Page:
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Static and Kinetic Friction Essays

1058 WordsOct 23rd, 20135 Pages

Static and Kinetic Friction


The amount of friction force between two surfaces in contact depends on the type of the surfaces in contact and the amount of compression between the surfaces. Static friction is the force that is acting against your force before the object begins to move. If you exert a small push on the box, the box will not move because static friction is directly opposite to the push. If you apply a greater force than the static friction force, the friction increases to match the magnitude of your push. There is a limit to the magnitude of static friction, so eventually you may be able to apply a force larger than the maximum static force, and the box will move. The maximum static friction force is…show more content…

Friction is the resisting force encountered when one tries to slide (static) or does slide (kinetic) one surface over another. This force acts parallel to the surfaces in contact. The force necessary to overcome friction depends on the nature of the materials in contact, their roughness or smoothness, and on the normal force. Experimentally, the force of friction is found to be directly proportional to the normal force. The constant of proportionality is called the coefficient of friction. The coefficient of friction is equal to the force of friction divided by the total normal force pressing the surfaces together. Thus, Ff = n, where Ff is the magnitude of the force of friction, n is the magnitude of the normal force, and is the coefficient of friction. A method of checking the above relationship is to have one of the surfaces in the form of a horizontal plane, with a pulley fastened at one end. The other surface belongs to a box to which is attached a cord passing over the pulley and carrying weights. These weights may be varied until the box moves uniformly when given a small push. The normal force magnitude between the two surfaces can be changed by placing weights in the box, and the relationship between the coefficient of friction, the force of friction, and the normal force can thus be tested. Another method of investigating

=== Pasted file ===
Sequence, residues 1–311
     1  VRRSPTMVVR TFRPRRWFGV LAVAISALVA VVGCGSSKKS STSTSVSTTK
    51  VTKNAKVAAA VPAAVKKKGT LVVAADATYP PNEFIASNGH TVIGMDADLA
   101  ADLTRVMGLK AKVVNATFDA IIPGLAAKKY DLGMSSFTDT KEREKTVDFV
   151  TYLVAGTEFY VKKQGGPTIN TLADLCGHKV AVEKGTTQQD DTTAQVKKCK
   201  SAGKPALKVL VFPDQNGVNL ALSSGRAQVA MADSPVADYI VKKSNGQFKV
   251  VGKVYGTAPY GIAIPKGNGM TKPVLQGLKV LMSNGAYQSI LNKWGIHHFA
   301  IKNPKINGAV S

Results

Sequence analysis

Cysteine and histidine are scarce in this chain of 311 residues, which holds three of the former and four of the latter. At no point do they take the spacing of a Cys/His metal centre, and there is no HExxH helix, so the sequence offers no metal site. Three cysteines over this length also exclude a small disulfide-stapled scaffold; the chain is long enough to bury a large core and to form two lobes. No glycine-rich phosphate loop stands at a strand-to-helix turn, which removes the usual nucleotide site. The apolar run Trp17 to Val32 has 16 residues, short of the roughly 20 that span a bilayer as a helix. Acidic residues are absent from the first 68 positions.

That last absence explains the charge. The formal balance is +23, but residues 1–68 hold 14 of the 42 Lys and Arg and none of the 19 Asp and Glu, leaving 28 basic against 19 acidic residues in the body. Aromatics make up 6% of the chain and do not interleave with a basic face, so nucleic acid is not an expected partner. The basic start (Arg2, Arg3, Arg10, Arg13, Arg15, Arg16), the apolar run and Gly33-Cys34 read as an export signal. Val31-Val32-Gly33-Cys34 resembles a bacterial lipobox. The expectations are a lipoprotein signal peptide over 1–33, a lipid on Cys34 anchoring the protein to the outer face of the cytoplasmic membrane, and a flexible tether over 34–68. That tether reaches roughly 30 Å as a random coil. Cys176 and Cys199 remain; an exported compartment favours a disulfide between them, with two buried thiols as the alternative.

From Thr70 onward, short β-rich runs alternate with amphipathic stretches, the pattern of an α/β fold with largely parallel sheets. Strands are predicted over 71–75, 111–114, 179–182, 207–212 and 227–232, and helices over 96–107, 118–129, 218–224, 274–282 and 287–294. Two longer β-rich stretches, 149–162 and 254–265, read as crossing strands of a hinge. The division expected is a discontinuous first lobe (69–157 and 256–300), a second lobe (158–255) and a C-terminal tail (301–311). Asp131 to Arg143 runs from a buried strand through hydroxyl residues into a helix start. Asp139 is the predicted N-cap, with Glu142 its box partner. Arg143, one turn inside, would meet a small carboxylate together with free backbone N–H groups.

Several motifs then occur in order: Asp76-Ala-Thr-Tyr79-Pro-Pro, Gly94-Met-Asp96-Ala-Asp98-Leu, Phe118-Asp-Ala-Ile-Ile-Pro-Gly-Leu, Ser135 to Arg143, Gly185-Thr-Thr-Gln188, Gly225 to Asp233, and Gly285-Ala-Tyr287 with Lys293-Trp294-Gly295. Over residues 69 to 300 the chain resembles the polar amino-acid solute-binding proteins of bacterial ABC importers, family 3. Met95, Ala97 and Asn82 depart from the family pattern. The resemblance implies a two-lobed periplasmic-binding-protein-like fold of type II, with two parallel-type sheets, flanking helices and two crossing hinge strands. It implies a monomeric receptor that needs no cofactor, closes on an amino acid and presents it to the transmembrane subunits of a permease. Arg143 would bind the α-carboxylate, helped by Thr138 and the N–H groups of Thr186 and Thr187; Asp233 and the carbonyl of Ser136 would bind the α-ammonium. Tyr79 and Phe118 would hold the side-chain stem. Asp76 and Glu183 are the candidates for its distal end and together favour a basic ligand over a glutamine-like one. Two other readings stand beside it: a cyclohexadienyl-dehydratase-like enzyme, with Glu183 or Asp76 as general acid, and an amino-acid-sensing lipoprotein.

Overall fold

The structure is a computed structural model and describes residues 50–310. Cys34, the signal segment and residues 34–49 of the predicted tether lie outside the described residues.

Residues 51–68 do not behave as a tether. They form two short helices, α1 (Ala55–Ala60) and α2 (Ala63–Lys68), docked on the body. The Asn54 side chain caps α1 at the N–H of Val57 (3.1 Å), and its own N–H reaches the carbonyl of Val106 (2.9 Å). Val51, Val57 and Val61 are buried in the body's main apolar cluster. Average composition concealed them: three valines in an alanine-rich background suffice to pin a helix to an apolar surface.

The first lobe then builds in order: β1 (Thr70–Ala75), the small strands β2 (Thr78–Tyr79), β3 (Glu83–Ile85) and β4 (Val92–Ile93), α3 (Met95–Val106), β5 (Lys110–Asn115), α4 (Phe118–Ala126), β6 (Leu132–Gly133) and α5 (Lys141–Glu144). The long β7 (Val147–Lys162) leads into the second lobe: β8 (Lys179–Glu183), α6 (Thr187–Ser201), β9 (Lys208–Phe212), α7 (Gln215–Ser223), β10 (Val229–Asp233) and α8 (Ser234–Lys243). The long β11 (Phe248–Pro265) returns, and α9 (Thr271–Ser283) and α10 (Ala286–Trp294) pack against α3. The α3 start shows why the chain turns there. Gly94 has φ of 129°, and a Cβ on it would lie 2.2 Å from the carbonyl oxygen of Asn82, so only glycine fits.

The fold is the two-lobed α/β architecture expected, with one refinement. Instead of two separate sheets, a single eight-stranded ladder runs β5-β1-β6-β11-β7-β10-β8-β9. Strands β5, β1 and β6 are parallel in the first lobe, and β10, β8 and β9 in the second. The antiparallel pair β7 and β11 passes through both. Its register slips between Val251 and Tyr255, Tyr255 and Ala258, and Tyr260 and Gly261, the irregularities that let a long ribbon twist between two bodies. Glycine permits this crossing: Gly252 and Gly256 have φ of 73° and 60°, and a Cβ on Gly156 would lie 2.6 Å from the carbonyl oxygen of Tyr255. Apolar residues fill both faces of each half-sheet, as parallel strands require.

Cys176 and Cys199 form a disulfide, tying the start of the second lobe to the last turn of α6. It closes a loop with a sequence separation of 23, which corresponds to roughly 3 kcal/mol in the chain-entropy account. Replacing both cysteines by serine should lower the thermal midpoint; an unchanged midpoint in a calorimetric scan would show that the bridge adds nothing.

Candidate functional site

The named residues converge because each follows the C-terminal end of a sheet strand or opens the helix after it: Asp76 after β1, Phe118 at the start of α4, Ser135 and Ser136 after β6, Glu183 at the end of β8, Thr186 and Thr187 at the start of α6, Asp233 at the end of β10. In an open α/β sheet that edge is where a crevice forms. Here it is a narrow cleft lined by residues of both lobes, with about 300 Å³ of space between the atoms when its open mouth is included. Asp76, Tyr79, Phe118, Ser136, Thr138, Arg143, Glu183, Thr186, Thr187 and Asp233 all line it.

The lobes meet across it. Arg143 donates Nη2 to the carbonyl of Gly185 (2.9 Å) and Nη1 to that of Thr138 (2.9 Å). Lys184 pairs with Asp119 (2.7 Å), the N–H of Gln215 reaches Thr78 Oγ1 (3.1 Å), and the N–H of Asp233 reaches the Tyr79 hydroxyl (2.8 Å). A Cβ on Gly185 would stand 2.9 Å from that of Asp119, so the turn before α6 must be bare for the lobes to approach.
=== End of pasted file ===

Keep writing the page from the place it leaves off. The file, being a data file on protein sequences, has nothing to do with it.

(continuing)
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The Physics of Football Essay

1222 Words5 Pages

The Physics of Football

There is no question that everything people do in their lives involves physics. This is true from the way we communicate to the way that we fight wars. In some cases the influence of the laws of physics on our world are extremely apparent, such as in sports. Basketball, hockey, baseball and even cricket involve physics. From the most basic motions players perform in the game, to different plays designed by coaches, physics touches it all. These appearances of physics in the games that we play are sometimes so subtle we don’t even notice them. In other cases however, the impact of physics can be heard across the stadium as Jerome “The Bus” Bettis barrels his way into the endzone. The influences of physics on…show more content…

For instance a wide receiver whose game depends greatly on being able to accelerate quickly will prefer to play on an artificial surface with less friction. When a player gets in the open field he may be capable of reaching his maximum momentum. When this player's momentum is suddenly changed either with a great tackle or one hell of a hit the laws of physics concerning collisions, both elastic and inelastic, come into play.

An elastic collision is a collision in which kinetic energy is conserved, such as when a running back is hit so hard by the opposing team’s linebacker on a lead-draw play up the middle that the ball is forced out of his arms. The fumbled ball then hits the turf and because of the elasticity of the collision it bounces back up. Unlike an elastic collision, an inelastic collision does not conserve the kinetic energy of the colliding objects (Kirkpatrick & Wheeler 134). An example of an inelastic collision might be when a player catches the ball (if he catches the ball) and the momentum of the ball is completely stopped. However it is important to realize in this study of physics that a completely inelastic collision is impossible to attain in the real world because the energy isn’t really lost it is just converted into different forms such as the sound the collision makes. So in a play where a ball carrier is in the open field, a would-be tackler would try to apply an impulse in an attempt to stop the other

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